CUNY leaders: 80% of freshmen need remediation, fewer than half return

Mar 21, 2017 by

Leaders at the City University of New York are examining ways to reform their remedial education system, including being less reliant on placement tests that might erroneously track some students towards remediation, and allowing students who place just below the cut-off to re-take the test. Administrators say roughly half of students who are allowed to re-take the tests pass the second time.

Other considerations include re-thinking curricular and course exit requirements.

CUNY administrators noted that while 80% of entering freshman required remediation in math, reading, writing or a mix of these, only half of students were ready to move out of those classes at the end of their first year.

A focus on promoting access for all students has highlighted the gross disparities in the preparation levels of some high school graduates compared to what is necessary for them to succeed in college. At CUNY and in other places across the country, campus leaders are reconsidering what courses are necessary for success. Does an English major, for example, need to pass algebra? In some states like North Carolina, however, legislators are making a push towards more stringent math instruction at the secondary level to better prepare students for college.

Given the persistent complaints from the workforce that college graduates are unprepared for life after graduation, it is likely that a combination of approaches will need to be in place to address the issue. On one hand, remediation is expensive and has been proven to deter students from persisting through college. Pressure is growing for institutions to ensure that students are not only admitted to college but are graduating, which means many may find themselves working to revamp remedial education as they tackle other barriers to completion.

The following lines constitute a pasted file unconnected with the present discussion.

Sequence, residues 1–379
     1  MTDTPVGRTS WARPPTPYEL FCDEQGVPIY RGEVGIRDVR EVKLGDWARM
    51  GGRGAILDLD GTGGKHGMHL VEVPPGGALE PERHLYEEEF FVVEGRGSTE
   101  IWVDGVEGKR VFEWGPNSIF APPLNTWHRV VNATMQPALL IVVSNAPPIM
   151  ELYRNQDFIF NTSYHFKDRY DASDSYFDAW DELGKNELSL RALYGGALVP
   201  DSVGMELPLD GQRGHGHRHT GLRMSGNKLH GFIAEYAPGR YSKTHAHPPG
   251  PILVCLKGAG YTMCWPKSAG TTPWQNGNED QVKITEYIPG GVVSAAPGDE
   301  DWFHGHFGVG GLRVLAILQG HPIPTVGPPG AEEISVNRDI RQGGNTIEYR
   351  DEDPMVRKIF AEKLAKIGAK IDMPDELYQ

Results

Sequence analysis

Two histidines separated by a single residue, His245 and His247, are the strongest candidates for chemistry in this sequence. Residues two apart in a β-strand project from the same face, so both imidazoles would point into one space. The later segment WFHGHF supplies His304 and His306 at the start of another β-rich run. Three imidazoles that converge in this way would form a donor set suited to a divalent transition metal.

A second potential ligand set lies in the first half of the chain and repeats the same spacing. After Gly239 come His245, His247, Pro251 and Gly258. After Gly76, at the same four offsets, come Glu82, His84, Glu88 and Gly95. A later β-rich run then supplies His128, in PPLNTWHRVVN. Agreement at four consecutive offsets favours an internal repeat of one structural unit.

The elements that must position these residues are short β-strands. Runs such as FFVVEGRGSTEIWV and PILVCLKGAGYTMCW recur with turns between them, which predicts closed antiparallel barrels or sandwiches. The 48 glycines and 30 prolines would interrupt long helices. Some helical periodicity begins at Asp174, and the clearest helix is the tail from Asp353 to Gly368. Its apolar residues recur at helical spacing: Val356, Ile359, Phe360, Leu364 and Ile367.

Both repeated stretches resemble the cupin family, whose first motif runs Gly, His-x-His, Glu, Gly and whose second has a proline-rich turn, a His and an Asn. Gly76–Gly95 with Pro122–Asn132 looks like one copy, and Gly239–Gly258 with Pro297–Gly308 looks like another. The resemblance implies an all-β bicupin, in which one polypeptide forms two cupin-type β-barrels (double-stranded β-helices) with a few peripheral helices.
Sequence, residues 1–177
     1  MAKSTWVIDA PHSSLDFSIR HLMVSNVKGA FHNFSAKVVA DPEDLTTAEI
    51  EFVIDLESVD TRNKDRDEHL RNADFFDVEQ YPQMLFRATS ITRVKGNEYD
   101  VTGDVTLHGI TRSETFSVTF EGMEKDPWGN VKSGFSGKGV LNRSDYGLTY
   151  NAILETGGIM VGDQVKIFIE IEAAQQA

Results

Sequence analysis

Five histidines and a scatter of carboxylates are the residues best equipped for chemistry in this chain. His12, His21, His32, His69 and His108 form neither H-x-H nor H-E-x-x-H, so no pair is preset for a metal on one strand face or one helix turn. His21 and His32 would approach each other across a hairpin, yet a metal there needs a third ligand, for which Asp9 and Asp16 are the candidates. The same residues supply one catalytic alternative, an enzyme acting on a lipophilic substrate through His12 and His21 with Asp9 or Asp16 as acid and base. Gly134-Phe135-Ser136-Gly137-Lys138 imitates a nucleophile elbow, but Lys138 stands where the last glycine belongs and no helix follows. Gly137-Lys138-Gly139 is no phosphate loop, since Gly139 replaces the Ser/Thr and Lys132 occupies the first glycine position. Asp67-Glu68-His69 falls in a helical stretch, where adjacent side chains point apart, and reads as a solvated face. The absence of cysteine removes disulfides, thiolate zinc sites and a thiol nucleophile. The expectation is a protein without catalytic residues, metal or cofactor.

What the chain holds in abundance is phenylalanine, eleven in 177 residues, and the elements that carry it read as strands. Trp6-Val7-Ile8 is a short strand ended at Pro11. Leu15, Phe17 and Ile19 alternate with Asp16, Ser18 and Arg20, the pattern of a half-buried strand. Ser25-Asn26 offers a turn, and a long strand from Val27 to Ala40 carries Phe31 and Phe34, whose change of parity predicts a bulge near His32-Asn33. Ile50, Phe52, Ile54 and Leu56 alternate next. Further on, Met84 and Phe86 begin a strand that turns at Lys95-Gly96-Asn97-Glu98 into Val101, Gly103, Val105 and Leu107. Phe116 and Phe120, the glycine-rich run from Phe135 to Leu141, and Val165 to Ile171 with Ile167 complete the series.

Co-requisite approaches in West Virginia, Tennessee and other states has proven to have a measure of success. But it is also increasingly important for higher ed to increase collaboration with K-12 to make sure graduating students are prepared to succeed in college. In addition, approaches like the one CUNY is proposing, which looks at a student’s course grades and other indicators of success in addition to simply relying on tests, may also help decrease the number of students tracked for remediation and help boost the overall number of students graduating from college.

But its also important to consider how external factors might impact students’ preparation for or success in college. In New York City, 68% of students are non-white, but only 10% of these are admitted to the top high schools in the city. And according to a 2013 demographic report, just over 41% of students in the district speak a language other than English. These are important factors to consider when language barriers and cultural differences have proven to impact minority student performance on standardized tests, particularly since it is predominately this population of students entering into the CUNY system.

Source: CUNY leaders: 80% of freshmen need remediation, fewer than half return | Education Dive

Print Friendly, PDF & Email

Leave a Reply

Your email address will not be published. Required fields are marked *

This site uses Akismet to reduce spam. Learn how your comment data is processed.